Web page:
Comment author: Halstead 25 March 2017 09:05:10AM 1 point [-]

Thanks for the comment! We do go to some length to make clear that we're unsure whether Gabriel himself endorses the objections. We're pretty sure he endorses some (systemic change, counterfactuals), but less sure about the others.

Comment author: Halstead 20 March 2017 04:41:47PM *  4 points [-]

Very insightful post. One note - I think reversibility considerations seem to count against some but not all political causes. Most obviously, they seem to count against taking sides on hot controversial political issues, such as EU membership or support for some specific political party. However, they don't count against low heat political issues. Some important ones include: more evidence-based policy, improving forecasting in government, changing metrics in health resource prioritisation etc.

Comment author: MichaelDello 14 March 2017 11:15:39AM 2 points [-]

Just to add to this, in my anecdotal experience, it seems like the most common argument amongst EAs for not focusing on X-risk or the far future is risk aversion.

Comment author: Halstead 16 March 2017 02:57:38PM 1 point [-]

Thanks for this. It'd be interesting if there were survey evidence on this. Some anecdotal stuff the other way... On the EA funds page, Beckstead mentions person-affecting views as one of the reasons that one might not go into far future causes ( Some Givewell staffers apparently endorse person-affecting views and avoid the far future stuff on that basis -

Comment author: MichaelDello 14 March 2017 11:18:38AM 0 points [-]

Thanks for this John. I agree that even if you use some form of classical utilitarianism, the future might still plausibly be net negative in value. As far as I can tell, Bostrom and co don't consider this possibility when they argue the value of existential risk research, which I think is a mistake. They mostly talk about the expected number of human lives in the future if we don't succumb to X-risk, assuming they are all (or mostly) positive.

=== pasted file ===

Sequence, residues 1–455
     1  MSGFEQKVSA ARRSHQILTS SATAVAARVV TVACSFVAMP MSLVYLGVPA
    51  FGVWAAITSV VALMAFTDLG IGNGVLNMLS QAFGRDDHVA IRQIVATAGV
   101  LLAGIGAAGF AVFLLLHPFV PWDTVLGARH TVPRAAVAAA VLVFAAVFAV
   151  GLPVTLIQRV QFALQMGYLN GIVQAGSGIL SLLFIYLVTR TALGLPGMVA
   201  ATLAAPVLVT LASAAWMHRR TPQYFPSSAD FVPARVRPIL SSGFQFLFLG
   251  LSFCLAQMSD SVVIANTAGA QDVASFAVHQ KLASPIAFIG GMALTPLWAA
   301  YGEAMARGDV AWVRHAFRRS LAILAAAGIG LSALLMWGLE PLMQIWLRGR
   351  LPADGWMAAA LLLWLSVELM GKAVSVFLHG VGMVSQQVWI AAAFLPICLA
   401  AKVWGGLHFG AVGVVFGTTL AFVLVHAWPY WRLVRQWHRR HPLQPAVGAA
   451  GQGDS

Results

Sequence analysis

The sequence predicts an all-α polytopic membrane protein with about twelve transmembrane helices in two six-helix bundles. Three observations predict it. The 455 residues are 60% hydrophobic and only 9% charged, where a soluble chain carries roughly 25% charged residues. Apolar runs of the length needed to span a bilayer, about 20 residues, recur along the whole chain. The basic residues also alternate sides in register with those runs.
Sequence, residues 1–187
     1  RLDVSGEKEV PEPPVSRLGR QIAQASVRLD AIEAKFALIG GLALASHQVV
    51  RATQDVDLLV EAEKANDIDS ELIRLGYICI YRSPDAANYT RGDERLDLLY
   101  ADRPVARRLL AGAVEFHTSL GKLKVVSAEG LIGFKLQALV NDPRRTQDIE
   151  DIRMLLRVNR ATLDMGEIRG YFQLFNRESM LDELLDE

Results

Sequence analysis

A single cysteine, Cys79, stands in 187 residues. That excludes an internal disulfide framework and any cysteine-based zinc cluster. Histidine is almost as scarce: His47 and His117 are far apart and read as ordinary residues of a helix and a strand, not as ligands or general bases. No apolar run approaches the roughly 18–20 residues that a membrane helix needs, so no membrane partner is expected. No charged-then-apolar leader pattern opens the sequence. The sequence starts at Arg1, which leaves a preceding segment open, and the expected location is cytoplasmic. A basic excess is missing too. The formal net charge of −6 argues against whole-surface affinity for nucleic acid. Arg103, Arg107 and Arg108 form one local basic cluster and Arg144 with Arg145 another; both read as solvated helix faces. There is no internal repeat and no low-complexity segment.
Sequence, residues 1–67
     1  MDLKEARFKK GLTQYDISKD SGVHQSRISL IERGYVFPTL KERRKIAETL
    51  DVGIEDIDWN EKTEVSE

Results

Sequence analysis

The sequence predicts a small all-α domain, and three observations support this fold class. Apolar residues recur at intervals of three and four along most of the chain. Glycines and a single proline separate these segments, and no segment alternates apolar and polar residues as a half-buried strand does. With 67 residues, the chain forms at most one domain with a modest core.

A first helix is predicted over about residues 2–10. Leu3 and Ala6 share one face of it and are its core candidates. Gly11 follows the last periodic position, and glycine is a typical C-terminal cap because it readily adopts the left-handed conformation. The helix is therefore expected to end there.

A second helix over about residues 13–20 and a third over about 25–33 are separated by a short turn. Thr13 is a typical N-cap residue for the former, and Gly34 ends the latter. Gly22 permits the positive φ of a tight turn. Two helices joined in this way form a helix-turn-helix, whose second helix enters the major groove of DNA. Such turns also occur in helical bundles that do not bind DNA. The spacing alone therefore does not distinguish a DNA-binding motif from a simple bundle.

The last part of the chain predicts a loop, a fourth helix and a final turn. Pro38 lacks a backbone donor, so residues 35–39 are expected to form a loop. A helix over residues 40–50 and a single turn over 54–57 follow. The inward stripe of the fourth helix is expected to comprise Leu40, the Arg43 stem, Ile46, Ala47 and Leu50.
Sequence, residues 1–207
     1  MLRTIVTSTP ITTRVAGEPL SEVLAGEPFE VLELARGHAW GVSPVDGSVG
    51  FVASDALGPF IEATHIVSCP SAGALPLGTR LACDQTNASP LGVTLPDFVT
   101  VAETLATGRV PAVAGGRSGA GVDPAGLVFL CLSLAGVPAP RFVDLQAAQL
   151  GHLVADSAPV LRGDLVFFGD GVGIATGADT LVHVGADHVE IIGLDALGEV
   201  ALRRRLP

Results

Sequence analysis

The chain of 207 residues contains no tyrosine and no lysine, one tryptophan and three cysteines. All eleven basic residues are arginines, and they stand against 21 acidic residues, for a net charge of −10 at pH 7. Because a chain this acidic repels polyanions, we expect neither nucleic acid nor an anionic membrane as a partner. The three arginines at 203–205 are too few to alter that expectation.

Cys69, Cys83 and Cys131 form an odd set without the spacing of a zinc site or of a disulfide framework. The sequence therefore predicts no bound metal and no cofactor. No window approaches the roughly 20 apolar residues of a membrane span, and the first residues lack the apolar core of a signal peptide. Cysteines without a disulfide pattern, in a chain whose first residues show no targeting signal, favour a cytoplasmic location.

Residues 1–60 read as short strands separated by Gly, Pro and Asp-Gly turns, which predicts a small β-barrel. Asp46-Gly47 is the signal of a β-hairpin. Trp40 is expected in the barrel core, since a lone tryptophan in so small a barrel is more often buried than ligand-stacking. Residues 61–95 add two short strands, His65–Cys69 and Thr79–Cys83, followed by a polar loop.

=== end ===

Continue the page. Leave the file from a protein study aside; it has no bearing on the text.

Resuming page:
Comment author: Halstead 16 March 2017 02:50:40PM 0 points [-]

Thanks for your comment. I agree with the Michael Plant's response below. I am not saying that there will be a preponderance of suffering over pleasure in the future. I am saying that if you ignore all future pleasure and only take account of future suffering, then the future is astronomically bad.

Comment author: Daniel_Eth 10 March 2017 10:33:51AM *  6 points [-]

"Adding future possible people with positive welfare does not make the world better."

I find that claim ridiculous. How could giving the gift of a joyful life have zero value?

Comment author: Halstead 10 March 2017 11:17:23AM 7 points [-]

Yes I agree, but many people apparently do not.


The asymmetry and the far future

TL;DR: One way to justify support for causes which mainly promise near-term but not far future benefits, such as global development and animal welfare, is the ‘intuition of neutrality’: adding possible future people with positive welfare does not add value to the world. Most people who endorse claims like this... Read More
Comment author: Halstead 19 January 2017 04:40:55PM *  11 points [-]

I agree with the general point made here and probably many of the examples. However, I think we need to be aware of a tendency I have noticed in the utiltiarian decision procedure literature to over-emphasise the extent of the overlap between utilitarianism and common sense morality. The obvious practical motivation for this is to make utiltiarianism seem more intuitively palatable, both for others and ourselves. However, this incentive exists, even if it is unjustified by an ultimate utilitarian rationale. It seems like what quick and dirty heuristics or other decision procedures we ought to use is a really difficult empirical question, and that we shouldn't settle too quickly for what aligns with common sense morality, given the obvious aforementioned bias in play.

E.g. I've seen it said a number of times (including by e.g. Parfit I think) that utiltiarianism as applied to decision procedures justifies significant parental partiality, without much in the way of argument. I find this definitely non-obvious, and can see persuasive arguments in the other direction, even at the level of decision procedures.

Something to be aware of, but great post!